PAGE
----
A few days ago I was browsing the web and an article caught my attention. The subject was whether animals intentionally take their own lives. I read with intrigue and became so engrossed, I felt compelled to do more research. From the plethora of articles I read, the gist is that there is no conclusive evidence that animals commit suicide. This is despite a whole load of anecdotal cases: bees sacrificing their lives for their colonies, the dolphin that sank to the bottom of its tank and stopped breathing, the Newfoundland that tried to drown itself.
In order to attempt or commit suicide, one has to be self aware, posses the ability for self-reflection and be aware of one’s own mortality. Furthermore, we have to be able to premeditate and imagine. While some animals, like chimpanzees, are self-aware, and others plan ahead, as far as we know these other characteristics don’t exist in animals. Thus, human beings are in a league of their own when it comes to suicide.
This got me thinking about the nature of abstract art. About its predetermination, its intentionality and its planning, as well as its meaning. Our search for meaning preoccupies many of us. We often want to apply some kind of meaning, our own or any kind, when confronted by a piece of abstract art. Conversely, we can take so much more meaning, understanding and engagement from an abstract painting when we know the concept behind it. That was certainly my experience when I read our newest guest artist’s statement about her work. I fell in love with the vibrant, bold, energetic nature of Luz Fernandez’s paintings but it was her point of view that made me stop, think and look again.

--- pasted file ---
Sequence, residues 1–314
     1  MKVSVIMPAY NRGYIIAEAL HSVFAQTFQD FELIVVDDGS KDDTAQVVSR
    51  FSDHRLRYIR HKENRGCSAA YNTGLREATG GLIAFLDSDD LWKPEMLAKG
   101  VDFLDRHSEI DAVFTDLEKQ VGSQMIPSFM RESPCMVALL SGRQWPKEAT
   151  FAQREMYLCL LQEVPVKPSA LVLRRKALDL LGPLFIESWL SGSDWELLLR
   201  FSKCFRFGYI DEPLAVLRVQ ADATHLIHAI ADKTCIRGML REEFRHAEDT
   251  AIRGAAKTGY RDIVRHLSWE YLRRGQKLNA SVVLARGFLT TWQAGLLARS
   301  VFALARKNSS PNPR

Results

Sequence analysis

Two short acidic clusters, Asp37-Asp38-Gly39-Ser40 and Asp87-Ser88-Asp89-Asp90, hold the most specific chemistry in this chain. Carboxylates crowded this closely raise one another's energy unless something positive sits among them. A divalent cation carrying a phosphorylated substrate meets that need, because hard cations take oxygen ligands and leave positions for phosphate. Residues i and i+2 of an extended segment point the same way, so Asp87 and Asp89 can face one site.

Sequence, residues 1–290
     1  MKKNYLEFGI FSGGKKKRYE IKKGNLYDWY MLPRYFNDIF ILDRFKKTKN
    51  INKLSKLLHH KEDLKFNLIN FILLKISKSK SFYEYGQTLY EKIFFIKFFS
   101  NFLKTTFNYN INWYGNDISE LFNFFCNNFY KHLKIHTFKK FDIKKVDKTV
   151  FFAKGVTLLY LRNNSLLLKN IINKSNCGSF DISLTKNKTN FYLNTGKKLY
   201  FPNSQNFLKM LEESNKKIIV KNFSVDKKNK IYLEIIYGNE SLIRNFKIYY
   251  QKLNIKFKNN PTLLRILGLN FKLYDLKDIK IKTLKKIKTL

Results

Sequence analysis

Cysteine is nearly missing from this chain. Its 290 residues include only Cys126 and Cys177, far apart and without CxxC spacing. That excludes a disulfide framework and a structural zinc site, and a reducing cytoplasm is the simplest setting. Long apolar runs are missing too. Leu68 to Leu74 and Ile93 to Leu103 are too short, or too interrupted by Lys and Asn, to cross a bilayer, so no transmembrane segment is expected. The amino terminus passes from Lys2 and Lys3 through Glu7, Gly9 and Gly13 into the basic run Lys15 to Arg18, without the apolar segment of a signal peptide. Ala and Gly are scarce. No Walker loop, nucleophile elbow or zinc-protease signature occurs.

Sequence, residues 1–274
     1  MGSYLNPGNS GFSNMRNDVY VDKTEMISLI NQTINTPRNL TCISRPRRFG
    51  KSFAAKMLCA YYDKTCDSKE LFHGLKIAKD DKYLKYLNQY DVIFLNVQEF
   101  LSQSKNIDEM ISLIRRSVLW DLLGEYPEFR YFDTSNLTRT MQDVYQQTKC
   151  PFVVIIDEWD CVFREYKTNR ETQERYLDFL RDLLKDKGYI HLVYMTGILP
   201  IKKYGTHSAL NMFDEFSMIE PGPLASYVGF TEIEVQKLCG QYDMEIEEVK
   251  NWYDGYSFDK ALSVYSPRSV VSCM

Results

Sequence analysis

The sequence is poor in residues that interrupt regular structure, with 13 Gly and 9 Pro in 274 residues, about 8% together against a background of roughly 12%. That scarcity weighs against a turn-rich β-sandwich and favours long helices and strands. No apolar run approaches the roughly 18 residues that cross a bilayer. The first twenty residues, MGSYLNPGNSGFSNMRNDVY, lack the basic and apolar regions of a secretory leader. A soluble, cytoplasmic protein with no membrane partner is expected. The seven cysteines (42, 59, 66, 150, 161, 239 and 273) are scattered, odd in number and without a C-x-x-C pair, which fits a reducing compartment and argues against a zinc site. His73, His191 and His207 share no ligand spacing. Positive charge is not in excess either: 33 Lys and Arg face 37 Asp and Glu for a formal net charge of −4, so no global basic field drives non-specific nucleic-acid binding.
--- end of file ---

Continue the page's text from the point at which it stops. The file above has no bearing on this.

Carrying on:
Luz Fernandez is a New York City native living and working in Brooklyn. She graduated from Hampshire College with a Bachelor of Arts degree in 2012. Fernandez is a multimedia installation artist with a recent focus in painting. In 2013, she spent seven months living in Berlin, working alongside multi-media artist Satch Hoyt as his assistant and studio manager. She is now involved with DIY Brooklyn venues such as Silent Barn in Bushwick and 988 Manhattan, a Greenpoint art center she helped launch and manage, where she exhibited a solo show in 2016.
About her work
Using oversized tools and working with the materiality of paint to create heavy textures, Fernandez draws attention to the performative act of mark-making. The process is a careful type of action-painting intended to address the inexorable passage of time with the quality and strength of each mark. She approaches artmaking as an occult practice of balancing color, texture, and composition to conjure sensations and summon memories. Contemporary language, represented by the semiotics of social networking and digital dialects, plays an essential role. The titles of the pieces act as cultural signifiers, incorporating the acronyms, misspellings, and shorthands that have appeared on the internet and have reconfigured language in a short period of time.